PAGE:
NewsElection 2022


A closer look at the candidates for Kern High School District Area 4

Area 4 of the Kern High School District serves more than 42,000 students and is the largest high school district in California.
Bakersfield High School
Posted at 6:29 PM, Oct 19, 2022
and last updated 2022-11-02 12:55:25-04

BAKERSFIELD, Calif. (KERO) — All eyes are on school district board elections across the country this election season, with issues like fentanyl in schools, violence, and parental input into curriculum choices have become household conversations.

Area 4 of the Kern High School District is the largest 9-12 high school district in California and serves more than 42,000 students. Geographically, the district stretches from Stockdale up to Centennial and includes some of downtown Bakersfield. It is also the area with the most candidates vying for trustee seats this year.

KHSD trustees are responsible for hiring and evaluating superintendents, adopting district policies, approving local accountability plans, and adopting and monitoring budgets, as well as monitoring district performance and student achievements, and listening to public comments.

Two of the candidates running for the KHSD Board of Trustees are teacher Kathy Scrivner and parent Lilian Lopez.

Lopez is one of a few parents running for school-related elected offices in Kern County, and she says she was prompted to run because she wanted to have a say in the policies she feels will impact her kids as they move up in grades.

“There needs to be a lot more accountability and transparency in the schools, and as parents we deserve to know what is going on with our kids,” said Lopez.

Lopez decided to run for the KHSD Board of Trustees after the Bakersfield City School District rolled out a student education program aimed at discouraging the bullying of LGBTQ+ students. She argues that her daughter was instead bullied for her believes and labeled a homophobe for declining to acknowledge other students’ preferred pronouns in an online discussion.

“Social programs should not be in schools,” stated Lopez. “I am talking about my Christian values, too, as a Christian, because we are living in a society where it does not matter what social program you get involved in, somebody is bound to be left out and rejected and not included.”

Kathy Scrivner agrees that issues surrounding gender identity and preferred pronouns should be kept outside the school setting, but says everyone should feel welcome at school regardless of their identity, adding schools should focus on teaching kids how to think rather than what to think.

Lopez says other parents she has spoken to agree with her, that some anti-bullying policies leaves space for bullying toward their kids for not having the same views or agreeing with students from the LGBTQ+ community. She says she prefers to leave social conversations to the parents’ discretion.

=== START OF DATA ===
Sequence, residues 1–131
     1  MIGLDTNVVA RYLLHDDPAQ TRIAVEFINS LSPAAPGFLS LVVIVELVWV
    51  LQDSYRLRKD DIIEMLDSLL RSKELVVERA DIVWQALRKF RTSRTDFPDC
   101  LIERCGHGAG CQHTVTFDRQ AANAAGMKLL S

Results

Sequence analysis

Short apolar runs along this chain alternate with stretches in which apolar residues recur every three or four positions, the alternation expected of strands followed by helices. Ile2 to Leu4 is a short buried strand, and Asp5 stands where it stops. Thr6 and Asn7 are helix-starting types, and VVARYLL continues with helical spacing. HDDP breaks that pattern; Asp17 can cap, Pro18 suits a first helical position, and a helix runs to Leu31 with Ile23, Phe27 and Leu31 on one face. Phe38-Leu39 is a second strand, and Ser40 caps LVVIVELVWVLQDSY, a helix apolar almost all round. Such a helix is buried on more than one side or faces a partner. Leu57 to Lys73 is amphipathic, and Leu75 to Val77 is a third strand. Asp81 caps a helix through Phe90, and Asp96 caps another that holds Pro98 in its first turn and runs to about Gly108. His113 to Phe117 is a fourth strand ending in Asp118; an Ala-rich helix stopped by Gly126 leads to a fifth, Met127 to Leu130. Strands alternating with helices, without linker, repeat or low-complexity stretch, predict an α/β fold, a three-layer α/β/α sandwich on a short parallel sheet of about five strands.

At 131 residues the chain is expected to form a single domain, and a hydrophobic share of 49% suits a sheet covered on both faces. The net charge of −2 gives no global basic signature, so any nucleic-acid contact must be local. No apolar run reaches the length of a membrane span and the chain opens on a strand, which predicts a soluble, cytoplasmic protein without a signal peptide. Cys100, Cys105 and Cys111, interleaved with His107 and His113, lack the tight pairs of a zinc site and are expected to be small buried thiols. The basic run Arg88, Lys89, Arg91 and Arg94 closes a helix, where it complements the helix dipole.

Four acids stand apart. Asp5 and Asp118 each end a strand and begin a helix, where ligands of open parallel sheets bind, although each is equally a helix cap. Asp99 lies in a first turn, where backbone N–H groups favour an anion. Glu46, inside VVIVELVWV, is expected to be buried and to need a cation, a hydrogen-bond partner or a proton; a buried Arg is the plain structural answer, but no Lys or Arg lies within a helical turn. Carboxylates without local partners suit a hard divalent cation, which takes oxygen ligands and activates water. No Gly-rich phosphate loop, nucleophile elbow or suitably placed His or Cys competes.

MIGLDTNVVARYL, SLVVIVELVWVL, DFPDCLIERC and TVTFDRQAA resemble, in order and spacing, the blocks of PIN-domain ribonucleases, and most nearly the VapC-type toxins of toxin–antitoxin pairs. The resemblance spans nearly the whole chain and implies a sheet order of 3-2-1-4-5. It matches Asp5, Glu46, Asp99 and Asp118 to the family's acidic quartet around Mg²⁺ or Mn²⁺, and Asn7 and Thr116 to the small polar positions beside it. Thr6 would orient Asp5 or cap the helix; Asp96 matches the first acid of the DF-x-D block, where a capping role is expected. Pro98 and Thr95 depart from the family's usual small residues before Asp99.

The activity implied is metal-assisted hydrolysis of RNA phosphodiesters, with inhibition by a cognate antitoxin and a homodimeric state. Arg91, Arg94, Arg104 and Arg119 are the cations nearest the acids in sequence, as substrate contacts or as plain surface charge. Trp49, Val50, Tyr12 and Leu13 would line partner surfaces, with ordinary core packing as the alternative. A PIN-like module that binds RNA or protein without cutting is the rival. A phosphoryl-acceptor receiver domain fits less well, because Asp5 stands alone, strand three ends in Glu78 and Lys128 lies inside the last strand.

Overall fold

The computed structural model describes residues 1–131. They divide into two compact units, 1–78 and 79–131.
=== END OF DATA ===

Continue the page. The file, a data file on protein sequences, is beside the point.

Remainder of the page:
One of those parents is Anthony Rodriguez, who has met Lilian Lopez and shares some of her views. He has three kids in high school and two at the Bakersfield City School District. He says he was concerned when an LGBTQ+ flag was up in one of his kids’ math classes.

“How is that part of the curriculum?” asked Rodriguez. “Because it is actually distracting, because it brings up conversation. Unwanted, unneeded conversation, when the kids have a lot going on and need to focus on reading, writing, and arithmetic.”

Another person running for KHSD Board of Trustees and one of Lilian Lopez’ opponents is educator Kathy Scrivner, who says she decided to run after helping her high school grandchildren with schoolwork when schools went remote during the height of the pandemic. She says during that time, she noticed that many students were falling behind.

“Student success is big because we have such a big learning gap that was created by the closing of the schools, and we have to get that closed in as much as we can,” said Scrivner.”

Scrivner is a lifelong local educator. She is also Kern County Board President Zack Scrivner’s mother. She says student success is her top priority, noting that test scores are way below what they should be.

“We need to focus on learning,” said Scrivner.

Second on Scrivner’s list of priorities would be safety in schools.

“Keeping drugs out of our schools is an overwhelming task, and what we need to do is have a program,” said Scrivner. “A big campaign that educates parents and students.”

Lilian Lopez also supports schools stocking Narcan and wants it available to all district teachers.

Election Day is November 8th. Stay connected to 23ABC both on the air and online for more candidate profiles and other voter information.